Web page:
Saturday, January 27, 2018


When a cold wind whips through the olive trees, I start to think of cabbage. Cabbage seems an antidote to chill. Heart-warming, stick-to-the-ribs. I pulled up a recipe for cabbage rolls, Sevilla style, that I hadn’t made for years. The moment had arrived. 

These cabbage rolls with a meat and olive stuffing are breaded and fried.

Cabbage leaves are rolled around a meat stuffing. Olives in the stuffing. “Seville” olives—green manzanillas, black ones or stuffed with red pimiento—make this dish sevillano style. 

The rolled packets are first breaded and fried. They can be served just like that, crisp and golden, with an accompanying sauce, or added to a tomato sauce to cook until very tender. I enjoyed them both ways. I served a few hot out of the frying oil with a spicy brava sauce for dipping. Then I simmered the rest of the rolls in tomato sauce for another meal.

Serve the fried rolls hot with a spicy sauce for dipping.

Or, simmer the cabbage rolls in tomato sauce.

Cabbage Roll-Ups, Sevilla Style
Liadillos Sevillanos

Dipping the head of cabbage in boiling water loosens the leaves making it easy to remove them. Ground beef or chicken can replace the ground pork in the stuffing for the rolls.

Serves 4.
Grated nutmeg in the stuffing.

1 medium cabbage (2 ½ -3 pounds)
2 tablespoons olive oil
¼ cup finely chopped onion
2 cloves chopped garlic
12 ounces ground pork
2 ounces chopped bacon and/or serrano ham
1/8 teaspoon cumin seed
Grated fresh nutmeg
Freshly ground black pepper
1 tablespoon chopped parsley
½ cup pitted olives, halved
1 large egg, beaten
¾ cup fine dry bread crumbs
Olive oil for frying
For tomato sauce:
1 (14-ounce) can crushed tomatoes
½ cup water
1 teaspoon pimentón (paprika)
2 cloves garlic
Parsley and olives to garnish

Brava sauce to serve (optional), recipe below

Cut around core, then boil to loosen leaves.

Bring salted water to a boil in a deep pot. Discard any damaged exterior leaves from the head of cabbage. Cut deeply all around the core. Submerge the whole cabbage in the boiling water for 2 to 3 minutes. Turn it over and boil another 1 minute. Very carefully remove the cabbage and let it drain until cool enough to handle. Reserve the pot of water.

Remove 12 to 14 leaves from the cabbage. (Reserve inner part of cabbage for another use.) Return them to the boiling water and cook just until the leaves are limp, about 3 minutes. Do not overcook, or the leaves will tear. Drain well and refresh the leaves in cold water. Drain again.

Heat 2 tablespoons of oil in a skillet and sauté the onion and garlic until softened, 2 minutes. On medium-high heat, add the ground pork. Fry without stirring until it begins to brown. Break up the meat and turn it, cooking until it loses pink color, about 5 minutes. Add the bacon and/or ham and cook 2 minutes more. Season with cumin, nutmeg, ½ teaspoon salt, pepper and parsley. Stir in the olives.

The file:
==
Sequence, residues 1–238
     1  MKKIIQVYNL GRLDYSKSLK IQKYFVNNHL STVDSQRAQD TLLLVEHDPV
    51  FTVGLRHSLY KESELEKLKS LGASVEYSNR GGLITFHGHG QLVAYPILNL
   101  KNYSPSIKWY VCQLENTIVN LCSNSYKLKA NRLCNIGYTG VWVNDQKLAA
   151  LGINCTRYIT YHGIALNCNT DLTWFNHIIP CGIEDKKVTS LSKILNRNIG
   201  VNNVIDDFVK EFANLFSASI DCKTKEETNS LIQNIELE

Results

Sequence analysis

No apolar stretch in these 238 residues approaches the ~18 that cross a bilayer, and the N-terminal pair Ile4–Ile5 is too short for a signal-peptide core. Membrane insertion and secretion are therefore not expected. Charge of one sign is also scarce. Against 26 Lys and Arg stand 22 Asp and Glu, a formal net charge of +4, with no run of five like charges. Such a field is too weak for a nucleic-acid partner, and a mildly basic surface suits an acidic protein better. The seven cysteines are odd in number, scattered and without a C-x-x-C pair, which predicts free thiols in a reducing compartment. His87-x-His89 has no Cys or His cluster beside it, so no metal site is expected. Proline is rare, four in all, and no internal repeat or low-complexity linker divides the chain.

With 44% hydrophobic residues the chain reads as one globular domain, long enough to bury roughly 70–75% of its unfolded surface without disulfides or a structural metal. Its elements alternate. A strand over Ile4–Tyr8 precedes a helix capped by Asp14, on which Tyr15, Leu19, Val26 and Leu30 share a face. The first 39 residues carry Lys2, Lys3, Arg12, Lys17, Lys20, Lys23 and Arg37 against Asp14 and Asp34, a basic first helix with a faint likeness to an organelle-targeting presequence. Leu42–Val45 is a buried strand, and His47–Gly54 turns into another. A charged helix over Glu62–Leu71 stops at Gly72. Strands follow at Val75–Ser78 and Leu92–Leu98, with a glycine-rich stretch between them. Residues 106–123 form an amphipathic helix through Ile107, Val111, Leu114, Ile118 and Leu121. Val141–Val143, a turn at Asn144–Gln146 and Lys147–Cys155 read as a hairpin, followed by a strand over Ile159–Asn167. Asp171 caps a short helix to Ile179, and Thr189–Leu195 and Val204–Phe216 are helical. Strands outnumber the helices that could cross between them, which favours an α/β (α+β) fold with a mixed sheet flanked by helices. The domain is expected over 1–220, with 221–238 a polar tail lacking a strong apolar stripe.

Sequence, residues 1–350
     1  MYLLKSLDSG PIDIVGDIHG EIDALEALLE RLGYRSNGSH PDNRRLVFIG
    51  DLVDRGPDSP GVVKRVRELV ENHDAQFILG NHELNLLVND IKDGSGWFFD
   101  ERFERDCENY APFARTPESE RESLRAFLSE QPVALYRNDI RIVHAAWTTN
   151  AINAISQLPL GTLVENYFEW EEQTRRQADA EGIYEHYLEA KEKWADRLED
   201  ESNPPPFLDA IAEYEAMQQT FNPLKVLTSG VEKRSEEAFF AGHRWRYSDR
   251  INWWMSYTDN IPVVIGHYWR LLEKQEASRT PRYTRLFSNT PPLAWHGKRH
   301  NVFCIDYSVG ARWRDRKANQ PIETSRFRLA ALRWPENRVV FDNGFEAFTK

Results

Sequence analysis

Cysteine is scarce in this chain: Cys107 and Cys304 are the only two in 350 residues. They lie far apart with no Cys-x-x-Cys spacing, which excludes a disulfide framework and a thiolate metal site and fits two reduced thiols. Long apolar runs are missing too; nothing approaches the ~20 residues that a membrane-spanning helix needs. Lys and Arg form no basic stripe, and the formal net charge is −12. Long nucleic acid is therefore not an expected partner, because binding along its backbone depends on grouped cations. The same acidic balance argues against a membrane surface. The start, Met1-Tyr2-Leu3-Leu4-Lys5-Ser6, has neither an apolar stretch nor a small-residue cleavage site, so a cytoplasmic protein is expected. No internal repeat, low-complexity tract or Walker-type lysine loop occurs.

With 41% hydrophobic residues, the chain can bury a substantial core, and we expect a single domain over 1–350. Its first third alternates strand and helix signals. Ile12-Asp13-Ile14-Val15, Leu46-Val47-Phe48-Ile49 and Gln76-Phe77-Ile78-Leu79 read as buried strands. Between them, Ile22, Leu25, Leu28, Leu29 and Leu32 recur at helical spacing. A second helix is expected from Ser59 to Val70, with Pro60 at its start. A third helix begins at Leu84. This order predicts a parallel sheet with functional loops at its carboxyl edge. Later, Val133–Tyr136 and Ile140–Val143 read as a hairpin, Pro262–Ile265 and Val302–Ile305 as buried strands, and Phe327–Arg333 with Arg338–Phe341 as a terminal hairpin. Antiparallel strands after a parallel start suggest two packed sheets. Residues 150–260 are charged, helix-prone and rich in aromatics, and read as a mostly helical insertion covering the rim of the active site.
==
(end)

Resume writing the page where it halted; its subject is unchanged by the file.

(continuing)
Place spoonful of meat stuffing mixture in center of leaf.

Fold sides over the filling, then roll up from the stem end.

Place a kitchen towel on a work surface. Spread open a cabbage leaf. Cut out the thick end of the stem. Place a heaping spoonful of the meat mixture in the center. Fold the sides of the leaf over it. Starting from the stem end, roll the leaf up. Secure it with a toothpick or kitchen twine. (Leave a tail on the twine to make it easier to find and remove it after frying.) Use the meat filling to roll 12 leaves. Use the extra leaves to patch any leaves that tear by overlapping pieces with the leaf. 

It's a wrap. Cabbage leaves are rolled and tied, ready to be breaded and fried.

When all of the leaves have been filled and rolled, place the flour in a shallow bowl, beaten egg in another shallow bowl. Place half of the bread crumbs in a shallow pan. Roll the cabbage rolls first in flour, patting off excess. Dip them into beaten egg then roll them in the crumbs. Add more crumbs as needed. Place on a baking sheet as they are breaded. (They can be allowed to dry at room temperature for up to 1 hour.)

In a deep frying pan place oil to a depth of 1 inch. Heat until it is shimmering, but not smoking. Fry the cabbage rolls, a few at a time, turning them to brown all sides. Remove when they are golden and drain on paper towels.

Serve the cabbage rolls immediately accompanied by the sauce, if desired.

If preferred, cook them further in tomato sauce.

Place canned tomatoes, water, pimentón, whole crushed garlics and a sprig of oregano in a saucepan large enough to hold the cabbage rolls in one layer. Season with salt and pepper. Bring the tomatoes to a boil, then lower heat and cook 3 minutes.

Place the cabbage rolls in the tomato sauce. Cover and cook gently 20 minutes. Turn the rolls and cook 20 minutes more.

Serve the cabbage rolls and tomato sauce hot, garnished with chopped parsley and a few sliced olives.

Cabbage rolls cook very tender in tomato sauce.

Spicy “Brava” Sauce
Salsa Brava

Hot and sweet pimentón add spice to this sauce.

This version of the famous tapa sauce, typically served with cubes of fried potatoes, doesn’t start with tomato sauce. Sweet and hot pimentón (paprika) give it color. Use some smoked pimentón if you like the flavor. If hot pimentón is not available, use cayenne, but decrease the quantity.

¼ cup olive oil
1 tablespoon chopped onion
2 cloves garlic, peeled
¼ cup flour
2 teaspoons sweet pimentón (paprika), smoked or unsmoked
2 teaspoons hot pimentón, smoked or unsmoked
½ teaspoon cumin
1 ¼ cups + water
1 tablespoon Sherry vinegar

Heat the oil in a saucepan. Sauté the onion and garlic 2 minutes. Stir in the flour. Cook the flour, stirring, for 2 minutes. Stir in the two kinds of pimentón and cumin. Add the water and vinegar. Add ½ teaspoon salt.

Cook the sauce, stirring constantly, until it is thickened. Cook 4 minutes.

Puree the sauce with an immersion blender, adding enough additional water (about 2 tablespoons) so that the sauce is the consistency of thick cream as it cools to room temperature.

More recipes with cabbage:

Saturday, January 20, 2018


Rather than sheepishly apologize for cooking with frozen, imported shrimp (oh, gosh, the pre-Christmas oferta was too good to pass up), I’m using my crustacean stash to make  a dish that’s traditional, but not very common—garbanzos con langostinos—chickpeas with shrimp.

Made with shrimp, this potaje with chickpeas is not as heavy as with pork and sausage. Squash and chard are optional vegetables.